Feb 14th, 2018, 03:09 PM

Moo-ving Away From Dairy

By Elizabeth Nguyen Son
Image Credit: Pixabay/Pezibear
How has Paris been adapting to vegans' demands for non-dairy alternatives?

In the last few years, Starbucks has been introducing non-dairy alternatives to milk in their international franchises. What seems like a norm in the United States is a relatively new and progressive change in other countries. Those who frequent the Starbucks on Rue Saint Dominique may have noticed that it has recently started heavily promoting their non-dairy milk alternatives from Alpro and, a quick look at their Instagram page also shows that Seattle-based coffee shop is trying to let French non-dairy consumers such as vegans or lactose intolerant people know that they cater to them now too. While soy milk has been the most common milk substitute in Paris, other kinds of plant milk are slowly becoming more popular as the bio sections of grocery stores are starting to carry to almond, rice, and oat milks from different brands. 


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Marc Grossman created Bob's Juice Bar in 2006 and then expanded with Bob's Catering and Bob's Bake Shop. They now cater the very popular Kitchen and Shakespeare & Co. Cafe. Bob has been offering non-day alternatives "since the beginning as part of our alternative-food/health food offering that is integral to our identity," Grossman affirms. "I think it has been slower because the French are more conservative in their habits and more attached to their culinary traditions of which dairy is an important component. The French also seem to be physically more tolerant of dairy versus, say, Asians or Eastern Europeans. There could be a physical dimension. Nevertheless, veganism in general and non-dairy alternatives are trendy and Parisians are also trend-conscious even if they are less inclined to sudden lifestyle conversions. They like to dabble, go for vegan brunch and then have burgers for dinner; and with the influence of social media like Instagram, trends travel faster and wider."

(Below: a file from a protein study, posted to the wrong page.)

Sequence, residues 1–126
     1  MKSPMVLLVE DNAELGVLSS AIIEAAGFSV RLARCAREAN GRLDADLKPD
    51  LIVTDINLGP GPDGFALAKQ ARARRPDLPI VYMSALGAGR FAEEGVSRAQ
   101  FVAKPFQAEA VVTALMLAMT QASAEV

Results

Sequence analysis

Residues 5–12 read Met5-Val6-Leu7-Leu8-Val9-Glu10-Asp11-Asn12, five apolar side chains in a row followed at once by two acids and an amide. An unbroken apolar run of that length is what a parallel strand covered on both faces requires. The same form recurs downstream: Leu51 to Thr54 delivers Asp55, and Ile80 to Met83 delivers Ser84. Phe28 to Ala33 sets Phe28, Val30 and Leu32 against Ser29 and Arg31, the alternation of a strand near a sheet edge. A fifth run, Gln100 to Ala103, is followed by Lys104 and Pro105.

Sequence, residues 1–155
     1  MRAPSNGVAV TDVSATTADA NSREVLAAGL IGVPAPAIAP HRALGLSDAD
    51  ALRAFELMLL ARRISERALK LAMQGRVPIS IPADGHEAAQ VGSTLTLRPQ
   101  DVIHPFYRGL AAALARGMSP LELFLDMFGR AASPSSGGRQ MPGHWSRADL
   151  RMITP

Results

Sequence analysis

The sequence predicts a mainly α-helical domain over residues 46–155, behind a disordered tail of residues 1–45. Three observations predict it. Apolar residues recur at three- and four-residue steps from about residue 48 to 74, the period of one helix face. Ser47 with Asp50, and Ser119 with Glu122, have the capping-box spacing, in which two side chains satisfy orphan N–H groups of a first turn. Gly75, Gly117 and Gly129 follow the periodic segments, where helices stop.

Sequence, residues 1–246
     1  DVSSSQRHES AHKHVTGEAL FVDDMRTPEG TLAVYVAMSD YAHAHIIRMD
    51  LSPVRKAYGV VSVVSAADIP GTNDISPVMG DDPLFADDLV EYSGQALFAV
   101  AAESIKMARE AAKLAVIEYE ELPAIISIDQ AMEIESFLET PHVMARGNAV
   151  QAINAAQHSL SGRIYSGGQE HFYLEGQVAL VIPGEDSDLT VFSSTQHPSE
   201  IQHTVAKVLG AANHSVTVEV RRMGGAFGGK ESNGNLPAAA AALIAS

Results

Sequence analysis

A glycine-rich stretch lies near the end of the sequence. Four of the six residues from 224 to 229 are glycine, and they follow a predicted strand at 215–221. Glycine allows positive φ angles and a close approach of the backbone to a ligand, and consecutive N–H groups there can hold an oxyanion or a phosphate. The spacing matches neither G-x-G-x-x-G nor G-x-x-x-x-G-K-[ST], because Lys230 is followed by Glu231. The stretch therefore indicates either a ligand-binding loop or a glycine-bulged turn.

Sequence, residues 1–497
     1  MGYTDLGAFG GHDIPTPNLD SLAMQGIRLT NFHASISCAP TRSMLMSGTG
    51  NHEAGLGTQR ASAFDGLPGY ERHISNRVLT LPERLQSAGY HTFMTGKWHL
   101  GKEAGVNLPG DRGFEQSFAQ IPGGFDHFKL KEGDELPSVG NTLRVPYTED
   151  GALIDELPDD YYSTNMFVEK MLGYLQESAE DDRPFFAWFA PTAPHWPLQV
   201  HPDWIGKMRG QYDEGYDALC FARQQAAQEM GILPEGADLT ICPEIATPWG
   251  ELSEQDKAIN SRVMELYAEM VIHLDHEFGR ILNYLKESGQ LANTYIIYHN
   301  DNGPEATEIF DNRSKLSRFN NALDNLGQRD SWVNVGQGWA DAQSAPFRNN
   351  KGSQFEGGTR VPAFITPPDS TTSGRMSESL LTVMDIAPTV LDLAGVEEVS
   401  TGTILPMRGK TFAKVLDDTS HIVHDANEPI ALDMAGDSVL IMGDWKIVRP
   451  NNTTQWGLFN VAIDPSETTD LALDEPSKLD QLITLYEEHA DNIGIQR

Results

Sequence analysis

Ob-La-Di, the most Instagrammable café in Paris according to Instagram, is located in the third arrondissement and named after the Beatles' song. One of the owners of the café, Olivia Elf, explains that Ob-La-Di has offered non-dairy alternatives "since day one" in June 2015. Ob-La-Di's goal was simply to offer delicious food—their fully-vegetarian and vegan-option menu came effortlessly. "People should eat and drink what they themselves feel comfortable with. We do not want to see ourselves as a vegan or vegetarian place. Instead, we are simply a restaurant and coffee shop, serving ethical food that we love. We do not make a big deal out of it since we are all vegans and vegetarians ourselves, it is just so natural to us. I believe that we have never had a customer commenting on the fact that our menu is completely vegetarian, only that our food is delicious. We believe that this is how you change norms and people's perceptions." Her insight on the food and beverage industry leads her to believe we will be able to see more non-dairy substitutes in cafés in the future, but maybe not brasseries. She goes on to observe, "France has a long culinary history compared to the US. French people see a value in conserving their culinary culture and tourists in Paris also expect it to be old-school and conservative, which is why they have previously not demanded any novelty in Paris."


You awake? Photo by @vanessa_vienna

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On the other hand, some have simply offered a supply to the anticipated demand. Zia Paris opened in January 2017 and has been offering homemade almond milk since then.  Justin Kent, the owner of and chef at Zia, admits, "I don't have a particular stance on veganism. I've always worked closely with seasonal produce and often times my dishes can be made vegan if desired. I've worked in vegan restaurants before but it's not how I eat so it's not a focus for us. Although, as our team grows I would love the opportunity to experiment more with vegan dishes and pastries." So when asked why Zia has been offering homemade almond milk from the very start, he responds, "I knew that there would be a demand for dairy alternatives and I wanted to offer something that came from the approach of us making everything in-house. My restaurant career in Paris has been at high-end restaurants where we did everything in our power to accommodate the client. I wanted to be sure that I had an option available for when the request came up." Much like Elf, Kent is uncertain bistros and brasseries will follow the non-dairy trend but "you'll definitely see it in more and more coffee shops", which is reassuring to those who are unable or unwilling to consume dairy.

Overall, it appears as though cafés in Paris have been progressively moving away from dairy through the influence of non-Parisians—Marc Grossman was born and raised in Manhattan, Olivia Elf is from Sweden, and Justin Kent grew up in Santa Fe. However, will bistros and brasseries follow? Only time will tell.